Dennis, Sounds like a blast! Glad your having a good time.

Hooray, Hooray,
Its the month of May
All out door Screwing
Can begin Today!

A little raw for that here today. 45 with rain and wind. Its all good!

Have a good one!

Andrea1263 said...

Never did figure out the theme or theme clues until CC's help.

For Mars, I confidently filled in Bar, which of course threw me way off in the SW... even after seeing the answer God, in my mind I heard it as GEE-ODE, and couldn't figure out what it meant.

My phone-a-friend choice to get help for "Long tongued critter" would have been Lois.

Isere was one of the few answers I knew. Olympic downhill skiing was held in Val d'Isere in the Albertville Olympics. I once was traveling through the area and stayed in a hotel that I think had been used as a dorm of sorts for athletes or spectators. We were there on the very last night they were open for the summer season, before they shut down to get ready for the winter season. So, we were at the mercy of what was left in stock in the kitchen for our dinner. Ended up eating a VERY tasty pasta carbonara with pancetta, egg, black pepper... yum... When someone is whipping you up something great out of nothing, France is definitely the place to be!

Anonymous said...

Hi there. Thanks for your commitment and diligence in putting this together each and every day!

Just a comment on today’s clue “strip tease” with the answer being casino. You indicated you don’t get it – my take on it is that the “strip” is as in the Vegas “strip”, the street referred to as the strip – with a casino being a teaser for making some fast money. Might be off-base in my conclusion but that’s what I get out of it!

Ingrid

KQ said...

I thought it was a particularly clever theme today. I would have liked to do this puzzle pieces at a time but know that I would not get back to it today, so just finished online.

My brain was not on he same track as the constructors. I got about 2/3 before having to ask for help. I wanted IMAGE rather than AMEBA, RED vs. ODD, BEGGED vs. RIOTED and PASS instead of FOLD. That was just the tip of the hat. I also was going for Ford the car company and a brick laying mason.

Cannot complain too much though as a whole bunch of clues worked immediately. Living near EDINA helps, and ILSA filled in immediately, as did XER, OOZE, ATOZ. You get the drift. So it as okay. I think I could have worked more if I had stepped away and come back later.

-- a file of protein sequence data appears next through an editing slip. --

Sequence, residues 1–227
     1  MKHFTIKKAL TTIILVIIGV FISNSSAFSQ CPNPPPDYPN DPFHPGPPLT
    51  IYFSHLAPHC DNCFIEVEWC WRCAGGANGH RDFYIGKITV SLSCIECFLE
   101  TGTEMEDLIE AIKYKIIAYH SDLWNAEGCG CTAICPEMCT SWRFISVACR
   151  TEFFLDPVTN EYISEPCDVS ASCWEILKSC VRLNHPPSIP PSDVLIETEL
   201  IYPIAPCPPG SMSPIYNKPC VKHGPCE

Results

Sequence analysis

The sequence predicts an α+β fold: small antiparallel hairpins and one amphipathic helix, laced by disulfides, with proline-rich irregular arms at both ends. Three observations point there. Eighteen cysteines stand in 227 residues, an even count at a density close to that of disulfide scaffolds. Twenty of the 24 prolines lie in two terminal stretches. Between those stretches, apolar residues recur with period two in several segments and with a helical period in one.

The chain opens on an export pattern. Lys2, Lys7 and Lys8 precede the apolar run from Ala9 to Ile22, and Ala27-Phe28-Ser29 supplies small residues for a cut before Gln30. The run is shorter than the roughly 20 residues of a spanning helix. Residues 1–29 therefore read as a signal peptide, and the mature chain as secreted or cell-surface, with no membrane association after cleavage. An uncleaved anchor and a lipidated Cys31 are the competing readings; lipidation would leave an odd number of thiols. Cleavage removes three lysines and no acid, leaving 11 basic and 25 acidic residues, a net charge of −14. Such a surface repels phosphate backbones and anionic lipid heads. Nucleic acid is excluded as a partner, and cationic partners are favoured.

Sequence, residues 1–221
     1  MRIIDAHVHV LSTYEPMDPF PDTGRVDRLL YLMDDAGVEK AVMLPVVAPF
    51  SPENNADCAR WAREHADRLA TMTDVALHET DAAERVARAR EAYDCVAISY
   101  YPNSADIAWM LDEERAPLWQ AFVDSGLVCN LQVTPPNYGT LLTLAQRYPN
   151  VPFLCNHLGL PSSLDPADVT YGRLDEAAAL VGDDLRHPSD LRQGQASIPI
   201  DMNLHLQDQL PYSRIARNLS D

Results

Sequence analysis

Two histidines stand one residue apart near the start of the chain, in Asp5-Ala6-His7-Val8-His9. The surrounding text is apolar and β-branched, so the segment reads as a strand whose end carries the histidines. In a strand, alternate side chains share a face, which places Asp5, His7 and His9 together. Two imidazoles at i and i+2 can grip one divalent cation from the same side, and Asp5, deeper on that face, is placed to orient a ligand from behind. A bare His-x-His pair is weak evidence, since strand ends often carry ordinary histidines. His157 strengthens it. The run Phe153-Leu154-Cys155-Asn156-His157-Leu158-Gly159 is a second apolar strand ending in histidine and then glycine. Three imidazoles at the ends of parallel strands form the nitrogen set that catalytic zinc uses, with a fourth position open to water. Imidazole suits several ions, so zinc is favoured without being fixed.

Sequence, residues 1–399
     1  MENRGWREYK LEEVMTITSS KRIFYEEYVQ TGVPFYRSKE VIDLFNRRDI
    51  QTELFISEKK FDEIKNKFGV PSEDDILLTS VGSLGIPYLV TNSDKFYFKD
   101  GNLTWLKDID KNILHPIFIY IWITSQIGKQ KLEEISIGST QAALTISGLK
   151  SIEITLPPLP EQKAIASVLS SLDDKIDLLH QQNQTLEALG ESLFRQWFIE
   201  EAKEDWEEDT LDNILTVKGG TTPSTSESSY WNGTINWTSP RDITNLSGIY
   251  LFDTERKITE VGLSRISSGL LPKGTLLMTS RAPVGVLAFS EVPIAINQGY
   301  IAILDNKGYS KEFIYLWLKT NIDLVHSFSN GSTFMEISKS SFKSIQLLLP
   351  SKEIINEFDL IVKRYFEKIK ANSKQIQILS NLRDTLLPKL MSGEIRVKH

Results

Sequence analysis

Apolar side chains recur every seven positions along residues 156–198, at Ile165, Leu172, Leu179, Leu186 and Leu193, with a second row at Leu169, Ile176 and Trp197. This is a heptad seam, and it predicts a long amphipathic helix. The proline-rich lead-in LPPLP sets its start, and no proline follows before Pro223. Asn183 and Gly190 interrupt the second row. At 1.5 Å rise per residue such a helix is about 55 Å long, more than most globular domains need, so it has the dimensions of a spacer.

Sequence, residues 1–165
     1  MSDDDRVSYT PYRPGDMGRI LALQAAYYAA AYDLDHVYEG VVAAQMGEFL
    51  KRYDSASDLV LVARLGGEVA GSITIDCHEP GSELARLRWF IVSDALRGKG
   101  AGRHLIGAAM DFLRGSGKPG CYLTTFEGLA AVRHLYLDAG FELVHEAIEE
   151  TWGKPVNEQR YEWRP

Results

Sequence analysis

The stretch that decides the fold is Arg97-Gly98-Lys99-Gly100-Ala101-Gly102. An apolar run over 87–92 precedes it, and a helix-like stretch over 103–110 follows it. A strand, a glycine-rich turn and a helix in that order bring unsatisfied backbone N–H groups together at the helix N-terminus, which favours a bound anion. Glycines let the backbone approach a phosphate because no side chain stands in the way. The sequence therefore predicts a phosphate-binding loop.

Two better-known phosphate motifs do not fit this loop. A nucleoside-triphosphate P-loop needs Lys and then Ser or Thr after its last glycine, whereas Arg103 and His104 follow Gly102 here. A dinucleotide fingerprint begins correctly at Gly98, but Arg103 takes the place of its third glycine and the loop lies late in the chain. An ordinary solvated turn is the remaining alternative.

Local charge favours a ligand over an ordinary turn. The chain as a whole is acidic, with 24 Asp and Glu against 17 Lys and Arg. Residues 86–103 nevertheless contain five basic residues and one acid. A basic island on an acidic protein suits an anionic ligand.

Hope everyone has a great day. Have a sick kid at home, not the swine flu I don't believe. No fever.

Anonymous said...

Good Friday morning,

Well I managed to complete another Fri. puzzle. Unfortunately I had to do it online. My printer was acting up. I would much rather wrestle with pencil and eraser than see those obnoxious red letters pop up. Oh well.

c.c. I immediately thought of Las Vegas when strip tease was clued. The casinos there pretend to offer entertainment while they slyly pick your pocket. A to z did not pop out at me until I got here. I kept wondering what a toz was. Hmmm! I also wanted torpor instead of sopor, but there weren't enough spaces. Double Hmmm! All in all I still like these new puzzles better than our old offerings. TTFN( This is Lola. My blue name disappeared again, and I didn't want to retype my message)

Rex Parker said...

Definitely on the easy side for a Friday, though could be very difficult for people who don't recognize the familiar xwordy answers like EDINA and ISERE.

rp

kazie said...

g'morning all.

I had a hard time with this. Started on paper and had to pick my way around the edges, but then got stuck, so went for the red online. Found out my SANE had to be SOUP and LIFT FEES was AIR FARES. I had BAR for GOD. I think altogether before going for the red, I had 27 right.

I don't like LEG OF MUTT(ON), because sheep have hooves, not paws. I had MITT there before the red helped with the first part of it.

I also thought the Olympic part of 13D was a misdirect because in the Olympics, the countries come out in alphabetical order, not geographic. I wanted EST (fitted in with SANE)for Estonia. It would have been better without "in the Olympics" in the clue.

I also was not aware of CRU as a word for vinyard, but it is related to croître=to grow, and hence our word accrue. I only knew vigne as a vinyard.

Anonymous said...

Can't wait for the Friday puzzle to get harder - by then I will be in the looney bin

Mel

Linda said...

CC: "Some stories are better left untold. Some stories can't be told."
Now you`ve really piqued my interest.

Wanted "empty" for "Not loaded"...mis-read "nuts` opposite" and put "bolt", had to google "Turn Me Loose" singer..."still not fun...but got er done." On-line does help.

SandbridgeKaren said...